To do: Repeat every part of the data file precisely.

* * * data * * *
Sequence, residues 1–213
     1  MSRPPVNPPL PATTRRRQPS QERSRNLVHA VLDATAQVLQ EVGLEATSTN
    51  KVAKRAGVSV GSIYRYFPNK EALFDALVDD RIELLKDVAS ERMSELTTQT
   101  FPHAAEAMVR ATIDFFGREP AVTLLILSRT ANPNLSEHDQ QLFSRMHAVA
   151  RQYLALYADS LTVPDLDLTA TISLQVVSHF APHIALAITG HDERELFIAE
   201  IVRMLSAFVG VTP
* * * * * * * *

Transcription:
Sequence, residues 1–213
     1  MSRPPVNPPL PATTRRRQPS QERSRNLVHA VLDATAQVLQ EVGLEATSTN
    51  KVAKRAGVSV GSIYRYFPNK EALFDALVDD RIELLKDVAS ERMSELTTQT
   101  FPHAAEAMVR ATIDFFGREP AVTLLILSRT ANPNLSEHDQ QLFSRMHAVA
   151  RQYLALYADS LTVPDLDLTA TISLQVVSHF APHIALAITG HDERELFIAE
   201  IVRMLSAFVG VTP